Temporal Uncertainty During Overshadowing: A Temporal Difference Account

Temporal Uncertainty During Overshadowing: A Temporal Difference Account

Dómhnall J. Jennings (Newcastle University, UK), Eduardo Alonso (City University London, UK), Esther Mondragón (Centre for Computational and Animal Learning Research, UK) and Charlotte Bonardi (University of Nottingham, UK)
DOI: 10.4018/978-1-60960-021-1.ch003

Abstract

Standard associative learning theories typically fail to conceptualise the temporal properties of a stimulus, and hence cannot easily make predictions about the effects such properties might have on the magnitude of conditioning phenomena. Despite this, in intuitive terms we might expect that the temporal properties of a stimulus that is paired with some outcome to be important. In particular, there is no previous research addressing the way that fixed or variable duration stimuli can affect overshadowing. In this chapter we report results which show that the degree of overshadowing depends on the distribution form - fixed or variable - of the overshadowing stimulus, and argue that conditioning is weaker under conditions of temporal uncertainty. These results are discussed in terms of models of conditioning and timing. We conclude that the temporal difference model, which has been extensively applied to the reinforcement learning problem in machine learning, accounts for the key findings of our study.
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Introduction

Overshadowing is a procedure in which a target conditioned stimulus (CS1) is conditioned together with a second stimulus (CS2), usually in a simultaneous compound which co-terminates with the delivery of an unconditioned stimulus (US). This training results in attenuated (or overshadowed) responding to CS1 when it is subsequently tested alone, compared to the case in which CS1 is conditioned in isolation. A key variable in determining the degree of overshadowing is the relative salience of the two stimuli: the more salient the overshadowing stimulus relative to the target, the more overshadowing is observed (Mackintosh, 1976). This observation may be interpreted theoretically in terms of learning models such as that proposed by Rescorla and Wagner (1972): the limited amount of associative strength that may be supported by the US must be distributed between the two competing CSs; as speed of acquisition depends on stimulus salience, this distribution is affected by the relative salience of the two stimuli.

However, pairing a CS of fixed duration with a US is a procedure that informs the animal not only that the US be delivered, but also when it is to be delivered, and there is good evidence to suggest that animals are indeed able to time the delivery of a US (e.g. Kirkpatrick & Church, 2000). This observation makes little contact with standard associative models of conditioning (e.g. Mackintosh, 1975; Pearce & Hall, 1980; Rescorla & Wagner, 1972) which, despite accounting for the magnitude of conditioned responding to a CS, generally fail to provide a comprehensive account of how animals learn about the temporal properties of the CS. More detailed discussion of theories of timing will be postponed until the general discussion; at this point it is sufficient to note that standard associative theories typically fail to conceptualise the temporal properties of a stimulus, and hence cannot easily make predictions about the effects such properties might have on the magnitude of overshadowing. Despite this, in intuitive terms one might expect these temporal aspects to be important. As noted above, the most important determinant of the degree of overshadowing is usually thought to be the ease with which the overshadowing stimulus can acquire associative strength. One can, however, make a parallel argument about a stimulus' temporal properties; given that better predictors of the US acquire associative strength more easily than unreliable predictors, then one might expect a fixed stimulus to be a better overshadowing stimulus than a variable one. This is because, in some sense, a stimulus of fixed duration is a more reliable predictor of US outcome than one of variable duration, as the fixed stimulus gives precise information about the time of US delivery while the variable one does not.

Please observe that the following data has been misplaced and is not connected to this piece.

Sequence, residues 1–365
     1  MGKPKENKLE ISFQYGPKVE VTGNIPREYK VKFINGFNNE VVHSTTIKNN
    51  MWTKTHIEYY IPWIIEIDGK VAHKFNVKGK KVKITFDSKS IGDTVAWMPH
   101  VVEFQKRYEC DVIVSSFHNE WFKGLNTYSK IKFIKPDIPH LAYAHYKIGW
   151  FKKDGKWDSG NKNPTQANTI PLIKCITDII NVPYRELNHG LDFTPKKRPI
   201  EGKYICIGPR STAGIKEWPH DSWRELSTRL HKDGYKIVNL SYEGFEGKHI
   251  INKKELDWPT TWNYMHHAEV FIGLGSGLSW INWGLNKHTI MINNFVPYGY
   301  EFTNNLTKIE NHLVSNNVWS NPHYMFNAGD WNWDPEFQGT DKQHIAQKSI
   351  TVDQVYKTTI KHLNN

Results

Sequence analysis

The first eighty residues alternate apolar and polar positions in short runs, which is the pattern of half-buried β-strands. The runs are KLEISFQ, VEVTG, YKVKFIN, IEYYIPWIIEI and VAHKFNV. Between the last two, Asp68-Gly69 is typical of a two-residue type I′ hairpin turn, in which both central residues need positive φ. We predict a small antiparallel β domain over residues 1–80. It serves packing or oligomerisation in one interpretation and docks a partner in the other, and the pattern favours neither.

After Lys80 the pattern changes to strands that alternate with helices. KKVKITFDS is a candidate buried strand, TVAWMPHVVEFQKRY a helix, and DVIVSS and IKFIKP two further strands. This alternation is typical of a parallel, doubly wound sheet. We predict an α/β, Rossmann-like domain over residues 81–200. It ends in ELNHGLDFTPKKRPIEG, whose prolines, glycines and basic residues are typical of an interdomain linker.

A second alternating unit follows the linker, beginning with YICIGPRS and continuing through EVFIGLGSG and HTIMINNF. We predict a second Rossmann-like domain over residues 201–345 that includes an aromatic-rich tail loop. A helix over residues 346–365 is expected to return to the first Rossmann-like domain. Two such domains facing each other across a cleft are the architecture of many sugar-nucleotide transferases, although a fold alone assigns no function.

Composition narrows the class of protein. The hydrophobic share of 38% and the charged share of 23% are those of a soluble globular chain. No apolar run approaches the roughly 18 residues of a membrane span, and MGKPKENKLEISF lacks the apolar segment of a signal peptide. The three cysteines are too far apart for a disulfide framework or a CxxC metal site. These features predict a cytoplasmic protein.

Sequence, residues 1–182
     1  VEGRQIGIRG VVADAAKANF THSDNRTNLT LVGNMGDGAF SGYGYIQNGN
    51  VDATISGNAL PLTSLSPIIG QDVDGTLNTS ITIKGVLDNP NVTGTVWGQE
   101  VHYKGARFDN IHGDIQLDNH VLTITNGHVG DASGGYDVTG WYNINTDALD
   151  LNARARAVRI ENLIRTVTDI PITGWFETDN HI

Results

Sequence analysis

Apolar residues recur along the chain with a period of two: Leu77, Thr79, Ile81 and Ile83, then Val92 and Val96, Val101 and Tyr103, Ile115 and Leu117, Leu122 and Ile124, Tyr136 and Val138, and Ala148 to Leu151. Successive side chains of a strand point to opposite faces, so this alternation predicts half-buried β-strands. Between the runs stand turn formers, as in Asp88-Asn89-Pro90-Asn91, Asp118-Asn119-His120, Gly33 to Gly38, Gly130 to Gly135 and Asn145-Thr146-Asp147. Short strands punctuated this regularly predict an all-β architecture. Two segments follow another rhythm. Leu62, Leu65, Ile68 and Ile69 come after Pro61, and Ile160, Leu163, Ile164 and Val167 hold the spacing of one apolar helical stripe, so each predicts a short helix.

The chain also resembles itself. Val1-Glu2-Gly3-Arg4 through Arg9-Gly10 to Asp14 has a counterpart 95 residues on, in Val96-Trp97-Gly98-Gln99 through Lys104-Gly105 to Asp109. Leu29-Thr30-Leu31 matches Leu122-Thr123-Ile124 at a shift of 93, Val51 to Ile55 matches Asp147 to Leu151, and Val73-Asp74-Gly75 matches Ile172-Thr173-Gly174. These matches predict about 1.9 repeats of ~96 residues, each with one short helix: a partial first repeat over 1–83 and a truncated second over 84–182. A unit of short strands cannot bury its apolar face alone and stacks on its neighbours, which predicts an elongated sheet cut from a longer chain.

There is no previous research addressing the way in which fixed and variable CSs can produce overshadowing; however, Kohler and Ayres (1979) examined the ability of fixed and variable duration CSs to produce blocking. They conditioned animals to a tone-light compound; for two groups of animals both tone and light were fixed, and one group was pretrained with a fixed light. For another two groups both tone and light were of variable duration and one group was pretrained with a variable light. They found equal blocking in both groups, suggesting that a fixed stimulus was no more able to produce blocking than a variable one. However, this conclusion is complicated by the fact that the treatment of the pretrained stimulus was confounded with the distribution of the to-be-blocked stimulus: the fixed stimulus blocked a fixed target and the variable stimulus a variable target. Moreover, subsequent work has suggested that a fixed CS may after all be a more effective blocking stimulus than a variable (D. Jennings and K. Kirkpatrick, unpublished data). It should be noted, however, that neither of these studies included any groups trained to the target alone. As a consequence, it is impossible to assess what effect the temporal distribution of the stimuli had on their ability to produce an overshadowing effect. This was, therefore, the purpose of the present experiment.

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